There have been case reports linking levamisole and levamisole adulterated cocaine with leukoencephalopathy, as well as membranous nephropathy and pulmonary vasculitis. In 2005, the World Health Organization published recommendations to remove levamisole from their list of Essential Medicines after a decade’s worth of reports from China emerged detailing 543 case reports of levamisole-induced demyelinating encephalopathy7. As recent as 2015 there have been case reports correlating levamisole exposure with crescentic rapidly progressive glomerulonephritis due to its propensity to induce an ANCA-associated vasculitis8,9. There are two case reports describing autopsy findings of pulmonary lymphocytic vasculitis in illicit drug users with known levamisole exposure. It is unclear if this contributed to their death or was an incidental postmortem finding10. An analysis of patients with newly diagnosed ANCA-positive systemic disease associated cocaine use around the year 2010 found there were three patients with pulmonary hemorrhage2. Long term complications from an episode of levamisole induced vasculitis are not well defined in the literature, but it can be assumed that complications would pertain to the extent and location of vasculitis. We should also consider that some idiopathic vasculitic cases could potentially be the adverse effects of long term exposure to levamisole, especially in chronic cocaine users that never present with an acute illness, or patients that are unknown to use illicit substances. With the expanding literature linking these complications with levamisole induced vasculitis, additional cases may come to light as physicians are becoming more aware of these complications and should remain vigilant in at-risk patient populations.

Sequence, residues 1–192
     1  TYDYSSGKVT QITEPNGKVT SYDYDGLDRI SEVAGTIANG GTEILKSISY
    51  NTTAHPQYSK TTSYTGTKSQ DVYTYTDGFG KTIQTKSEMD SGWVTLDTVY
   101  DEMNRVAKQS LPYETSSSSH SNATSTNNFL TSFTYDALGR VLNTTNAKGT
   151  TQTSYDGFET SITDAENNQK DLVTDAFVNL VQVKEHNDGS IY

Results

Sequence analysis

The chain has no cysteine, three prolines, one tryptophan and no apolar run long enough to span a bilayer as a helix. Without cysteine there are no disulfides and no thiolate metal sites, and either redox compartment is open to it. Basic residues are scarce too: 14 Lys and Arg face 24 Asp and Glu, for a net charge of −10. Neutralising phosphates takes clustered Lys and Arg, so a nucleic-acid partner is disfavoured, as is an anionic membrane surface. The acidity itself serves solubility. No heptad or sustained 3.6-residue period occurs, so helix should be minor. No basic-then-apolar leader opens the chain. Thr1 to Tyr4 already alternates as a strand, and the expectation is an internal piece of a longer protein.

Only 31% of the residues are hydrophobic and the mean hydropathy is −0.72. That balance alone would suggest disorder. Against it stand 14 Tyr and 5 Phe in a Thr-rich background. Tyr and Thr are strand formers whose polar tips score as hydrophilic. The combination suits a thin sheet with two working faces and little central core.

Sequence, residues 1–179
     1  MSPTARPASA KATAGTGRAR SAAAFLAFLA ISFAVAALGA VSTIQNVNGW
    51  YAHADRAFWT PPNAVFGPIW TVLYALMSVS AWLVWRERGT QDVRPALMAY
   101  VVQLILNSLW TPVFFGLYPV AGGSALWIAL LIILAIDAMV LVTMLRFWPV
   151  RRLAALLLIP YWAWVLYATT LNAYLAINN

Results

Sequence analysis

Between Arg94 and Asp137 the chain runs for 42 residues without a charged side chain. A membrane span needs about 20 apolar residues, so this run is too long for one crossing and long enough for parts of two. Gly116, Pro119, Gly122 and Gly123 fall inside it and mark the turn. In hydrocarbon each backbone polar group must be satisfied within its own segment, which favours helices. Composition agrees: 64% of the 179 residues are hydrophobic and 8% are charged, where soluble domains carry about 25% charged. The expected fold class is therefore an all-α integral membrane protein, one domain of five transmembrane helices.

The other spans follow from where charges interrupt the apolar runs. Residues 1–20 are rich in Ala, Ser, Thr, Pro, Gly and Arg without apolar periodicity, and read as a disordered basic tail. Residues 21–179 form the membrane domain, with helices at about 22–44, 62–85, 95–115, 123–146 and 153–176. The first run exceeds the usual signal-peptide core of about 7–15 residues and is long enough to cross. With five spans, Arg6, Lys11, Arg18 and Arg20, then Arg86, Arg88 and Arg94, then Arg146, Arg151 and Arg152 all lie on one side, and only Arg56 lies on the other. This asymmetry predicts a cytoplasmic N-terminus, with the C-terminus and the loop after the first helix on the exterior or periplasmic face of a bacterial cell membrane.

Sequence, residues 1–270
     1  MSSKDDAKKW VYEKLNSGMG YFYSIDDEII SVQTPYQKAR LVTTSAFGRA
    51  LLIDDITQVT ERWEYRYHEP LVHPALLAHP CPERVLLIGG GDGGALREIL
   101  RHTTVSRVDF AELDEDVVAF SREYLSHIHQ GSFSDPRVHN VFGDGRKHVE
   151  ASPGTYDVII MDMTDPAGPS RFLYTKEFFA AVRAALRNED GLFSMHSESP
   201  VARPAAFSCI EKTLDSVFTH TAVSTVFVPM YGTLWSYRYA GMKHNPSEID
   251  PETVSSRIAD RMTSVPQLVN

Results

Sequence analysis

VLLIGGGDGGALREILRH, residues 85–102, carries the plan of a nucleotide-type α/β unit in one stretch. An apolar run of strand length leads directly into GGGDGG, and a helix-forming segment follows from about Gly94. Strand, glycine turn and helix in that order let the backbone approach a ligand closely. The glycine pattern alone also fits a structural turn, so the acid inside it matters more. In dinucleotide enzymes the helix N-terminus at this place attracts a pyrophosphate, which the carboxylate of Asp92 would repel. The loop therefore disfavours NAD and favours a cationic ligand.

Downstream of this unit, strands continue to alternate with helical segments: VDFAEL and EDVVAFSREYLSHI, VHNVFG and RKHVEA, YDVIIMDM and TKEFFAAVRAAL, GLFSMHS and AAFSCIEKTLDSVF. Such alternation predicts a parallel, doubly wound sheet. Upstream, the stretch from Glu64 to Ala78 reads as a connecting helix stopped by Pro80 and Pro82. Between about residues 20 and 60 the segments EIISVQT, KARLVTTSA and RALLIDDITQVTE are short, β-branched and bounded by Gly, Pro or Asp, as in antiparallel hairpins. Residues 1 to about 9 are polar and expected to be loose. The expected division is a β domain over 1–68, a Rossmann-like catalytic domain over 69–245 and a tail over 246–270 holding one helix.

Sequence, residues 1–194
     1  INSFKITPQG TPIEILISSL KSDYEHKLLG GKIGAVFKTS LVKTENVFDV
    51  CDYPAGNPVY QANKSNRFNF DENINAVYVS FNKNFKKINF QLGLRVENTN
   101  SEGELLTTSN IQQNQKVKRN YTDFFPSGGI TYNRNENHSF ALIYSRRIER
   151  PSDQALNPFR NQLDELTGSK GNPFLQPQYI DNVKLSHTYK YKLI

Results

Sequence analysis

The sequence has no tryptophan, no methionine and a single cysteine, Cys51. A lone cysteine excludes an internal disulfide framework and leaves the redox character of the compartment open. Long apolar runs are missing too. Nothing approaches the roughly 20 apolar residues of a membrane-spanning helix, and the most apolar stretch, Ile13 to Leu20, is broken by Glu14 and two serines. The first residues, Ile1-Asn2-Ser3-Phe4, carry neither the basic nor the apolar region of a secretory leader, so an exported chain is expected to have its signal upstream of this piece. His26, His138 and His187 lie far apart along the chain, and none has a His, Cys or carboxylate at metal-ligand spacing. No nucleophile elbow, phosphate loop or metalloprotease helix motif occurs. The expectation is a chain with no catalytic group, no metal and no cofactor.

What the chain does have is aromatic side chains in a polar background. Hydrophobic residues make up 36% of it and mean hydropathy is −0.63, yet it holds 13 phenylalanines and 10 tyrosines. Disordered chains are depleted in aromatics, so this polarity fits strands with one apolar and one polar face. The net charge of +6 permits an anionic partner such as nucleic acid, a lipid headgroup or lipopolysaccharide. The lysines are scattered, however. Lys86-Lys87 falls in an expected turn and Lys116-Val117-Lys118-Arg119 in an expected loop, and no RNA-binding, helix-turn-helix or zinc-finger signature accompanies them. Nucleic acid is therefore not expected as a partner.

Following the initial publication of this case report, we performed further investigation into our patient’s hospital stay after transfer to a tertiary center secondary to extensive cutaneous losses on both of her proximal lower extremities requiring a burn specialist. She was noted to have an episode of hemoptysis while being cared for at a tertiary center which prompted a CT angiogram of her chest. She was found to have dense consolidation of her right lower lobe, consistent with necrosis, and with a small reactive pleural effusion, and notable intrathoracic adenopathy. Unfortunately, from an academic aspect, no bronchoscopy was performed to confirm the potential diagnosis of pulmonary lymphocytic vasculitis. Prior to being lost to follow up, our patient had recurrent nonhealing ulcerations to her lower extremities for which she was being followed by a general surgeon at our local chronic wound clinic. It is unclear if her episode of levamisole induced vasculitis was contributory to these ulcerations, as she had a history of previous lower extremity ulcerations as well as previous MRSA infections.

There is still no standard of care for treatment of levamisole induced vasculitis. The characteristic skin lesions can range from purpura to full thickness necrosis. These lesions are treated similar to burns with wound care dressings and wound debridement with indications for antibiotics only if clinical evidence of infection. There is still no definitive stance on the role for prophylactic antibiotics or steroids. As these vasculitic lesions often coincide with neutropenia and agranulocytosis, they are at a greater risk for infection. Depending on the severity of the wounds, skin grafting or amputation may be required. The predilection of the nasal and auricular necrosis in this syndrome further complicates treatment as these cartilaginous regions have poorer healing and carry high cosmetic value. When these regions are involved, plastic surgery should be involved for optimal cosmesis.